Apple Mac (was: !Re: Nuke Redmond!)

From: Charles P. Hobbs <>
Date: Mon Apr 10 23:26:24 2000

On 10 Apr 2000, Eric Smith wrote:

> > Maybe not quite as bad as TI, although that $150 "developers club" affair
> > is pretty close (at least to me, who was a starving college student at the
> > time).
> Apple gave the Inside Macintosh stuff to pretty much any University or
> College that wanted it.

Oh, I'm sure the university I was going to (UC Santa Barbara) had multiple
copies--locked away in some consultant's office where we mere couldn't get to it.

> It's easy for people to insist that documentation ought to be free, and
> you can make a better case for it today (with electronic distribution)
> than back in 1984, but the fact was that the $150 would barely have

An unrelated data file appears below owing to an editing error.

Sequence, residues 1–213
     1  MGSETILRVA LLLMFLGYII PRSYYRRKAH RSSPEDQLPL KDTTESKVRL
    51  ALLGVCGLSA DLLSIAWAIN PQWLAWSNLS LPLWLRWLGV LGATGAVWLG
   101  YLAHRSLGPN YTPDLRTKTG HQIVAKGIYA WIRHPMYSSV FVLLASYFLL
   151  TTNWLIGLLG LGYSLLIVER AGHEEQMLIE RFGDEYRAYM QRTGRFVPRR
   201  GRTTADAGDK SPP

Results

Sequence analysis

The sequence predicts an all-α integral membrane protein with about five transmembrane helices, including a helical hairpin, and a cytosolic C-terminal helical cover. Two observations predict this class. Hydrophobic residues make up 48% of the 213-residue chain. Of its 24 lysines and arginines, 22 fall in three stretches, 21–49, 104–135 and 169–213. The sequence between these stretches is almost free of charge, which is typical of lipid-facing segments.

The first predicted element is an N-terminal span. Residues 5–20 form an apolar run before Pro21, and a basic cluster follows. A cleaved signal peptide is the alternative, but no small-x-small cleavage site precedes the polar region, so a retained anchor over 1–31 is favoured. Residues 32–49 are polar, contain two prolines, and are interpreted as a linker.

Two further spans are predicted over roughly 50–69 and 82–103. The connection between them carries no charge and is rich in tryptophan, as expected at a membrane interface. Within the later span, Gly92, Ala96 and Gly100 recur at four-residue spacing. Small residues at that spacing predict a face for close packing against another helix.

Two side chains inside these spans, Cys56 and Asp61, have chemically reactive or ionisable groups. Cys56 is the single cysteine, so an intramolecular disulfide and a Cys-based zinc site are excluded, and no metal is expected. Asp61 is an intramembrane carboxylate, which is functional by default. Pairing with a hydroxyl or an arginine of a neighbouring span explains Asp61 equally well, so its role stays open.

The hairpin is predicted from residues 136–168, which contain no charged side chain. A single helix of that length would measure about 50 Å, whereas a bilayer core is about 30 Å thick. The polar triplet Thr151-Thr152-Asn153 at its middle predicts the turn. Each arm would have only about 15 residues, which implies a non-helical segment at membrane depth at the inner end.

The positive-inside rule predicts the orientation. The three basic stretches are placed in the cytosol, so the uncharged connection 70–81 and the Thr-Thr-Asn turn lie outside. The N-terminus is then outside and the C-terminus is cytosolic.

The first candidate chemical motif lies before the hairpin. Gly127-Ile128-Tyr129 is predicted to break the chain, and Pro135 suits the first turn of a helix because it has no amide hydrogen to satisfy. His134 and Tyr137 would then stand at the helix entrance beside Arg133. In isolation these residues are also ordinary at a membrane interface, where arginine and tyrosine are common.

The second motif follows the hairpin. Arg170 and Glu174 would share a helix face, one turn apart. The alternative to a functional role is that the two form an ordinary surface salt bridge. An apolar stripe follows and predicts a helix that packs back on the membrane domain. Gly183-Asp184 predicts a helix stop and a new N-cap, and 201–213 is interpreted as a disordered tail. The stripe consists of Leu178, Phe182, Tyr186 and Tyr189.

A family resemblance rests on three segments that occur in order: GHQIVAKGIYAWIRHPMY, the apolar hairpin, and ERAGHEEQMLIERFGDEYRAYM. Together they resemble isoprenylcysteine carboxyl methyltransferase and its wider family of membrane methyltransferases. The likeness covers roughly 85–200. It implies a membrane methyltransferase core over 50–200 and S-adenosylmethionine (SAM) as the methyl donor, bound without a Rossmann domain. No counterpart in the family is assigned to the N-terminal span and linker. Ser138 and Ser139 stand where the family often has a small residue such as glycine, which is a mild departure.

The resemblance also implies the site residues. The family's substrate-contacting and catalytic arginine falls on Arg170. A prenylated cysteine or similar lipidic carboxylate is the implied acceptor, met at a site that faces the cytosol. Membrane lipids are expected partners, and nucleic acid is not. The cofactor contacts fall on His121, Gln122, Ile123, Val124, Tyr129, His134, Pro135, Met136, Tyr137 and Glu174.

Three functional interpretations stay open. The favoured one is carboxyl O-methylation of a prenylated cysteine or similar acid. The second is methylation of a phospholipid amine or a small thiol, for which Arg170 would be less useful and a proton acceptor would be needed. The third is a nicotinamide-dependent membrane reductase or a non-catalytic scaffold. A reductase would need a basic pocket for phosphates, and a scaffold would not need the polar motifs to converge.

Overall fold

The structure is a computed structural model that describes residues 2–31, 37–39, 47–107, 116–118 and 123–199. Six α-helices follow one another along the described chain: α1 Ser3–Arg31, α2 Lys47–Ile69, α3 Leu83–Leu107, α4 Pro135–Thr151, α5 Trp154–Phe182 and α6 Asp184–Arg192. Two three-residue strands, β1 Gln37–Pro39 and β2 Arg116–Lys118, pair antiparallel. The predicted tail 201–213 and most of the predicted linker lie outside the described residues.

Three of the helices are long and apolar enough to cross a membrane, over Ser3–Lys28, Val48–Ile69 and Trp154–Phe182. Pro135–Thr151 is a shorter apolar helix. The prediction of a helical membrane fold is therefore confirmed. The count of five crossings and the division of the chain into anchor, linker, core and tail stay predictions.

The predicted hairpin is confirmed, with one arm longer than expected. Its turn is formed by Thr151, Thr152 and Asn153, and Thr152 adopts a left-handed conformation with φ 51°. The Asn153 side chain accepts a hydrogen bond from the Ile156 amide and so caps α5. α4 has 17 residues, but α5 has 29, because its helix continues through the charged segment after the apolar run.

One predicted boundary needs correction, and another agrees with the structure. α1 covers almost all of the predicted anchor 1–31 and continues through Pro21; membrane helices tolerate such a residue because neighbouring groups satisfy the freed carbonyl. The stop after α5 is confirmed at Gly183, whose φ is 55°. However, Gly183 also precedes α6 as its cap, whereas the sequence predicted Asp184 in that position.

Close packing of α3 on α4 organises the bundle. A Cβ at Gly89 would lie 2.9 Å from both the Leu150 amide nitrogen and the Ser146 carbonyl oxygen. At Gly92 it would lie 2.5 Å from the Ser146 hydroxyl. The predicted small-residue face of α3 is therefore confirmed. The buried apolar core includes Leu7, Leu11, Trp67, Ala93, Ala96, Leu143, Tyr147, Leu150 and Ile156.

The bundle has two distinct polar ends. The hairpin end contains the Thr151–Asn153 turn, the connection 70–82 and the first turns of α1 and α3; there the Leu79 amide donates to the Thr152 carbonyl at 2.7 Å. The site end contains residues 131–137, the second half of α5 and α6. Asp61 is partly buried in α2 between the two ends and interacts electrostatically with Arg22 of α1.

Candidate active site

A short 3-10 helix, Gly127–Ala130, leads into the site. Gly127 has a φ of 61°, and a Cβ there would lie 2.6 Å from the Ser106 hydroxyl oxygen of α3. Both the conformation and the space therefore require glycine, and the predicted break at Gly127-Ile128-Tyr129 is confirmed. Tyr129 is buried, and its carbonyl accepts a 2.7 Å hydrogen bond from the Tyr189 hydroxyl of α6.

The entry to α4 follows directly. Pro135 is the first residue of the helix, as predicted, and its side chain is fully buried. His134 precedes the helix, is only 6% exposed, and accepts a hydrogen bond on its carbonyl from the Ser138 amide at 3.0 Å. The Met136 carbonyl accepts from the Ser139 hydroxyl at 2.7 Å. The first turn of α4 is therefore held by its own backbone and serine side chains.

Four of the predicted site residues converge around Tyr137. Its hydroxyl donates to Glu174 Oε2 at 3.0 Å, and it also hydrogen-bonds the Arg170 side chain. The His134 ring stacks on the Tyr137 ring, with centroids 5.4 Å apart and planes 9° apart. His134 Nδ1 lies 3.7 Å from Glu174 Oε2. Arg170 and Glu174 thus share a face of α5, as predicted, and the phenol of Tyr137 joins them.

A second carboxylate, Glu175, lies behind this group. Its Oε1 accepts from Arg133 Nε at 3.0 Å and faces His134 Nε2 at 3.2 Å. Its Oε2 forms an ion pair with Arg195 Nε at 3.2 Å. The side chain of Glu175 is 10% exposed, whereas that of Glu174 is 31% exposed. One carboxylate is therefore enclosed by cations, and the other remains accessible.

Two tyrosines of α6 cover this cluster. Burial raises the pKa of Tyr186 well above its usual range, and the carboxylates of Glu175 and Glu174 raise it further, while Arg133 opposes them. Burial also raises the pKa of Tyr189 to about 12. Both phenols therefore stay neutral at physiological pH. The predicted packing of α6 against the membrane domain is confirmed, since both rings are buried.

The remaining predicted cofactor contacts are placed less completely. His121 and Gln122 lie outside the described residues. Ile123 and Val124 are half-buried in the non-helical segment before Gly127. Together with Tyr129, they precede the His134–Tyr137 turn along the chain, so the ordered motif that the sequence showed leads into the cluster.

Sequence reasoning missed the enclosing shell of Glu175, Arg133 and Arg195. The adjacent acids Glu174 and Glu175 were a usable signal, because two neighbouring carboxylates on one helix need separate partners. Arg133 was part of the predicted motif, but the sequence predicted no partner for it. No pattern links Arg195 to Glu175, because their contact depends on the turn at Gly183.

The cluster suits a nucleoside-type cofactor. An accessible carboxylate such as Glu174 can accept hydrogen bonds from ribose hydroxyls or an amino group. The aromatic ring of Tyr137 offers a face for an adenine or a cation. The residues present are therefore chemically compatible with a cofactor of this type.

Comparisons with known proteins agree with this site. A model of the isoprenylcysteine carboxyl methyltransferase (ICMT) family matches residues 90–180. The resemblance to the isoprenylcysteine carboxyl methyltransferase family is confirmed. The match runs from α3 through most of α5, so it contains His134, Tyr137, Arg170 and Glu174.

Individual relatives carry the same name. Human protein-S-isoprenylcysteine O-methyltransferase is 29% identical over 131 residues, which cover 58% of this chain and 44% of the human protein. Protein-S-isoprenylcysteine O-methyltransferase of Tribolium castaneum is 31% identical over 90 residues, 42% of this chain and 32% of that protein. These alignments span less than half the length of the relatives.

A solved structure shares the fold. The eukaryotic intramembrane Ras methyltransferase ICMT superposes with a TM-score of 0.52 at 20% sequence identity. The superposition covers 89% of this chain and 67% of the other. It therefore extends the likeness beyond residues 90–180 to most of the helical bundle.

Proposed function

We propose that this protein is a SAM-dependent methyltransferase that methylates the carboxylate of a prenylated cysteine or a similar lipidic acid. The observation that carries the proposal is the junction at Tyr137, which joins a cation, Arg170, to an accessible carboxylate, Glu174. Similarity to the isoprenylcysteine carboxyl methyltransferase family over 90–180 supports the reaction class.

> covered Apple's costs.
> For comparison, how much did a DEC Orange Wall (TM) of VMS documentation
> cost in 1984? I seriously doubt that DEC gave it away, and suspect that
> the complete set was *much* more than $150, but I don't recall hearing
> the same degree of grumbling about it.

Yeah, but DEC's were hardly "personal" computers at the time. In that
arena, one expected to pay substantially more than a PC owner for software
and docs...and DEC's customers (large organizations of one type or
another) could afford it and gladly(?) coughed it up...

> IMAO, anyone who wanted to write Mac software in 1984 and didn't because
> of a supposed lack of technical documentation was simply not sufficiently
> motivated. The docs were widely available.

At the time, I was more interested in writing simple programs and such
for the Mac, rather than tearing apart the machine and having every signal
on every pin documented. But the tools just weren't there (I didn't see,
for example, Microsoft BASIC for the MAC until mid-to-late 1985...) >
Received on Mon Apr 10 2000 - 23:26:24 BST

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